Syracuse alum makes history as New York’s first female governor

SU alum makes history as NY’s first female governor

Kathy Courtney Hochul, a former Student Association vice president, was well respected during her time at SU.
Published: August 24, 2021
New York Lt. Gov. Kathy Hochul speaking at the state Excelsior Conservation Corps announcement in 2015.
New York Lt. Gov. Kathy Hochul, shown here speaking at a 2015 Excelsior Conservation Corps announcement, was sworn in as governor on Tuesday.

Before Kathy Hochul became the first female governor of New York, before she served as Lt. Gov. under Andrew Cuomo, and Representative for the 26th congressional district of New York, she was a student at Syracuse University. An active member of Student Association (SA) throughout her undergraduate career, Gov. Hochul, known then as Kathy Courtney, earned the respect of her colleagues on SA, chasing initiatives like a boycott on the bookstore to naming the newly erected Dome after alumni Ernie Davis.

Jim Naughton, former editor-in-chief of The Daily Orange, first got to know Hochul as a journalist covering SA. When his tenure at the student-run newspaper ended, he became involved in student government himself. His impression of Hochul remained consistent throughout his college career — she was a well respected hard worker, who was serious about improving quality of life for students and less interested in showboating.

“Kathy was very much a workhorse,” Naughton said. “It’s not that she couldn’t make a good presentation and couldn’t get people’s attention and all that, but she wasn’t in it to show how clever she was.”

Naughton worked with Hochul on both the bookstore boycott and initiative to name the dome after Ernie Davis.

“It was tied to the activism of black football players. And, in that Ernie Davis, particularly because he died such a young man, was particularly kind of worthy of honoring” Naughton said.

Naming the Dome after Davis was an uphill battle. The Carrier Corporation made a multi-million dollar donation to Syracuse for the naming rights.

“The university, quite honestly, needed the money in order to be able to build the stadium, so they weren’t going to budge on that,” said Frank Slazer, former SA president who worked with Hochul.

Before naming was even a possibility, Hochul played a role in making the Dome a reality. Arnie Wolsky, another former SA president who worked with Hochul, recalls when the two of them “lobbied the governor with the chancellor and toured the old stadium and supported the university’s efforts to get the dome built.”

“Of course, after that, we wanted to have it named after somebody that we thought was more representative of the school than the Carrier Dome. But I guess we can’t deny the economic forces that were at play there,” Wolsky said.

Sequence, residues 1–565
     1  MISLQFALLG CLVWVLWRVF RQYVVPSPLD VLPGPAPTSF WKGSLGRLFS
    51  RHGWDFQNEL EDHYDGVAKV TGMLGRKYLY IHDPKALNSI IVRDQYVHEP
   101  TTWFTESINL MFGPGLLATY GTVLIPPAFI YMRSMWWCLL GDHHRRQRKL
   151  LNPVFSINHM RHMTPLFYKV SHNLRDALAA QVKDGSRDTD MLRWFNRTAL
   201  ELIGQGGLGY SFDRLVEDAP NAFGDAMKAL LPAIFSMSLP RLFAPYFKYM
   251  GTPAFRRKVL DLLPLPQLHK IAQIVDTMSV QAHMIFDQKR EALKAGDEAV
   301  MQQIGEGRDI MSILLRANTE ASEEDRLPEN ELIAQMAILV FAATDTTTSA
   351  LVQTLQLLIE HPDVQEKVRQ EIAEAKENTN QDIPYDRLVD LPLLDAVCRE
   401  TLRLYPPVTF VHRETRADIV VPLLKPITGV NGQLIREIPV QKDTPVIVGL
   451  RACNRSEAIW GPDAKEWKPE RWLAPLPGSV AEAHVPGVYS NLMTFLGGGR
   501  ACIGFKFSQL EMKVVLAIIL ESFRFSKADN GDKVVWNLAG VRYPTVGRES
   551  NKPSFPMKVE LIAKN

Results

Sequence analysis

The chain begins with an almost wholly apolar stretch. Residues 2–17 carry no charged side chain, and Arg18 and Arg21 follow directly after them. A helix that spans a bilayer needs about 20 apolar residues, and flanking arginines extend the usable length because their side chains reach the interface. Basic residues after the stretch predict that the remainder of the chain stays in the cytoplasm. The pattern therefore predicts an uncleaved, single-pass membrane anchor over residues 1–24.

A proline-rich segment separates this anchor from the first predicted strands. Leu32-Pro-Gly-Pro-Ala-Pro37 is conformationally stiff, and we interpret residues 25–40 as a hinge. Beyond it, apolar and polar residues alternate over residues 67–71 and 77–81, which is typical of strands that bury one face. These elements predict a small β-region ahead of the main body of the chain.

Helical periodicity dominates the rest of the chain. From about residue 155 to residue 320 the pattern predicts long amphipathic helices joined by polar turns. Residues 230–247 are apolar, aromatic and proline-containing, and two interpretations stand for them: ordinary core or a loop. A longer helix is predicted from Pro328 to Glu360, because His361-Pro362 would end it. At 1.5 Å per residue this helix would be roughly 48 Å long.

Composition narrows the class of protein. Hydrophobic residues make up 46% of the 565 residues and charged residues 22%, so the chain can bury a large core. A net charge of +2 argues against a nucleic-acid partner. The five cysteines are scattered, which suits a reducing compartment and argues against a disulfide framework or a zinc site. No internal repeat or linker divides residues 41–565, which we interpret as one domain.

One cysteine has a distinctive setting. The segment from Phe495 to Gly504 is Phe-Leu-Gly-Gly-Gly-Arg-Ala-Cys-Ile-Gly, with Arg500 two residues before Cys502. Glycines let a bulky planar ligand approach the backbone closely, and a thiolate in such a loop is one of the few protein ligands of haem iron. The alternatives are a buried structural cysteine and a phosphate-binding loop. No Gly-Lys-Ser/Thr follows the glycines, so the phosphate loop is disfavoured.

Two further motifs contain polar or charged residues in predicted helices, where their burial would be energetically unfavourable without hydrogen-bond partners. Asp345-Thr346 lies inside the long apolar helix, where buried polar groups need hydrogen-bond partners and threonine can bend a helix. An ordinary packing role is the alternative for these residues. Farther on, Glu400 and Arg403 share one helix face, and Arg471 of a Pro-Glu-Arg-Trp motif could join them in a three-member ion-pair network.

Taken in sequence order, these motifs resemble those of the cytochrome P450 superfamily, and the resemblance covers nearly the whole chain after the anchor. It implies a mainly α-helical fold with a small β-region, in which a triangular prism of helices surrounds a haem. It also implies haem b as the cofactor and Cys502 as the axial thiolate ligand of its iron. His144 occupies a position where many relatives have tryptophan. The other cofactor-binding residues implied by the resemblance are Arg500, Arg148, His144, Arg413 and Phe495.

Another focus of Hochul’s was the bookstore. Larry Beer, who served on SA with the Governor, recalls “a widespread feeling among the student body that the bookstore was overpriced, was suspicious of students in that they required you to always, check your backpack at the door because they were afraid of shoplifting.” Students would have things stolen from their unlocked cubbies at the front of the store. Slazer also recalls a push for the bookstore to cash checks so students could access funds after banks closed on the weekend. Hochul and SA staged a boycott of the store to pressure policy changes.

“I think they dropped prices by like five or seven percent on many items, that kind of thing. So it was modest, they gave modestly on the prices, but they did give some on the prices and they installed the lockers and they installed a check cashing policy” said Slazer.

Hochul’s ascent into the governorship has been marred by Cuomo’s legacy, and her groundbreaking title as the first female Governor of New York is tricky to celebrate. Still, Hochul’s ability to navigate the strong personalities of New York’s predominately male political class is less than shocking in light of her background and history.

“Even at 21, she had the ability to say to authority figures that other folks might be afraid of: ‘Look, this is what we want and we are going to press you for it’” said Naughton.

Naughton also told a more personal story, not about Gov. Hochul, but about Kathy Courtney, the young woman from Buffalo. Naughton recalls a year where both he and Hochul were stuck in Syracuse for Easter.

“We were both sad that we weren’t going to get home for Easter, but her family had friends in the area, like Fayetteville, maybe. And so she was going to go there for dinner” Naughton recalled. “So she invited me to go to mass with her.”

It was a small gesture, but Naughton took her up on the offer. “I had an Easter year because of her,” he said.

Jerry Zremski, Washington Bureau Chief for The Buffalo News and DO writer during Hochul’s time at Syracuse knew the Governor then and now. His first ever interview for The Daily Orange was with Kathy Courtney.

“She was then, as she is now, just very engaging, very kind and very easy to talk with,” said Zremski. The two reconnected later when their paths crossed professionally. Kathy Courtney was then Kathy Hochul, and the student leader who’d impressed Zremski back in college remained laudable. She has a strong sense of community and ability to connect with voters personally, he said.

“The first time I ever saw her as a retail politician was in 2011 when she ran for Congress…what I saw at that time is what people in New York State, I think, will see in the coming months, which is a politician who is just absolutely natural in campaigning” said Zremski.